Honda CB450 K5 Hi tech twin
1965 was a big year for Honda. The company lured the world’s top rider, Mike Hailwood, away from MV Agusta with a deal to contest the 250cc, 350cc and 500cc World Championship classes for the 1966 season, and boldly ventured into the ‘big bike’ market with its revolutionary CB450. Today, the 450 is regarded as a middleweight rather than a big bike, but back then it was aimed directly at the segment of the market so long the domain of the British big twins.
The parallel twins offered by BSA, Triumph, Matchless/AJS, Norton and Royal Enfield were themselves aimed not so much at the home market, but the USA, where they cut serious inroads into Harley-Davidson’s territory. Honda wanted a chunk of that, but initially at least the CB450 failed miserably in USA, due more to the styling that the specification. Ironically it was a big hit in the UK. The poms loved it so much they even nick-named it the Black Bomber, despite the fact that it was also available in red. There’s no doubt the new 450 was a spirited performer, and when it was released in February 1966, it enjoyed a sizeable price advantage over the British 650s, selling for just £350 in UK. Early road tests showed the 450 could sail past the magic ‘ton, which was not bad for an engine of just 444cc, but there were other issues that seriously polarised opinion. The Americans hated the look, particularly the humpy fuel tank. It was no lightweight either, tipping the scales at 187kg – 20kg more than a 6T Triumph. And whoever selected the ratios in the four-speed gearbox was clearly out of step with what was required. Around town, the 450 was a chore, with an ultra-low first gear (18.58:1) and a yawning gap to second (10.79:1). This was not so much a problem when changing up – the torquey engine bridged the gap nicely – but changing back from second to first in traffic was akin to throwing out an anchor. Ground clearance was a problem as well, both the footrests and centre stand easily made contact with the road when the machine was heeled over. Seeking to prove the CB450’s worth on the race track, Honda, via its UK dealer network, tried to enter the ‘Black Bomber’ in the prestigious Brands Hatch 500 Mile Race in 1966 – but the entry was vetoed when the F.I.M. (who controlled the International regulations for the race) banned it on the basis that it was “too advanced”! Clarifying the reasons for their curious decision, the organisation stated that the use of double overhead camshafts in a production machine required specialised servicing techniques that were beyond the average owner and not in the spirit of Production Racing.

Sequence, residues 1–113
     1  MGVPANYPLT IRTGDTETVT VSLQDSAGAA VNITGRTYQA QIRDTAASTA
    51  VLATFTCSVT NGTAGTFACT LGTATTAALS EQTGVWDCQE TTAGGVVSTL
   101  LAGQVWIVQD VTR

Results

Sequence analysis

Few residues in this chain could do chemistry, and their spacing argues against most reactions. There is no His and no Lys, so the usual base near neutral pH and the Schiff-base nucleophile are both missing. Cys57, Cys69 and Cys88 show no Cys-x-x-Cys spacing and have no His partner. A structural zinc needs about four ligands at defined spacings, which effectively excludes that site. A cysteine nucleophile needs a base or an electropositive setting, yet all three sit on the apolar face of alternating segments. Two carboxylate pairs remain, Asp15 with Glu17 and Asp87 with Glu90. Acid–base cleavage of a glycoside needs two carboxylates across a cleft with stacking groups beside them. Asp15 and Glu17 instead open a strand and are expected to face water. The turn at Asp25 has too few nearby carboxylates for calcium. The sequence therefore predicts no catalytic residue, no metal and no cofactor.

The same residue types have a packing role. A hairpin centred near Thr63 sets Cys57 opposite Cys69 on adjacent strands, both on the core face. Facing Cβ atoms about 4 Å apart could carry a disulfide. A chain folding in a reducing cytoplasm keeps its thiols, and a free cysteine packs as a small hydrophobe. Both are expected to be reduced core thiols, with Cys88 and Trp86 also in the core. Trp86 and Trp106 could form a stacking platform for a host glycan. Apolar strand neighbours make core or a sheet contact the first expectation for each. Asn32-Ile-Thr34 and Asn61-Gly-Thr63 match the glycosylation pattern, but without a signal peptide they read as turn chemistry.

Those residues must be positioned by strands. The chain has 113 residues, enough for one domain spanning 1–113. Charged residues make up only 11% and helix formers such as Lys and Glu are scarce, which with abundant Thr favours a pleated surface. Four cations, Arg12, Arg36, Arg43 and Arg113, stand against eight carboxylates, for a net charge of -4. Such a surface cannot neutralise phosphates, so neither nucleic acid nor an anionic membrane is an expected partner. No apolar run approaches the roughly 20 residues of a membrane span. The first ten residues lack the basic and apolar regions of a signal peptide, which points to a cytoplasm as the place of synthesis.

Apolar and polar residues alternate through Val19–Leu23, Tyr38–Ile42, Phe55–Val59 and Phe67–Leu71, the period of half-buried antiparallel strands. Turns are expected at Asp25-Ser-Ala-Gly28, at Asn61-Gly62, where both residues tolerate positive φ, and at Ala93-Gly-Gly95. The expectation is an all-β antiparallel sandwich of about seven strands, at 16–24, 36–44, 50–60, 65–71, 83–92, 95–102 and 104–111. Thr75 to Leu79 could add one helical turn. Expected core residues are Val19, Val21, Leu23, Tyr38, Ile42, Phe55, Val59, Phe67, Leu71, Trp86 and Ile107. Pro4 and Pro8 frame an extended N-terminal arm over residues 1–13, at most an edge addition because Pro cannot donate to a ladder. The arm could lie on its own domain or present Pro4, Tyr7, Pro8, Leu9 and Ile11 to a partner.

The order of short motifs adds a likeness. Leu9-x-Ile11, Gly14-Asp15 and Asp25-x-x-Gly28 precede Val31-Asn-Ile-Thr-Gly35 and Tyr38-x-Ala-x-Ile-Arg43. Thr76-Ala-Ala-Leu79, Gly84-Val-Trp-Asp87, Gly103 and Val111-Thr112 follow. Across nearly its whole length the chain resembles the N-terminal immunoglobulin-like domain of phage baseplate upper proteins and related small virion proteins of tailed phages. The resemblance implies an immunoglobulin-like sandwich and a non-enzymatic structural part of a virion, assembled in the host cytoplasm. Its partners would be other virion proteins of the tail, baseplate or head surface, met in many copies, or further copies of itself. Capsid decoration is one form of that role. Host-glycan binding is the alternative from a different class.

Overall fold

It was seen by many as a back-handed compliment, and by others that the home fare was somewhat primitive. Honda did manage to steal some thunder by flying in Mike Hailwood from the previous day’s Dutch TT, and he was permitted to cut a few ‘demonstration’ laps on the CB450 prior to the start of the 500 Mile Race.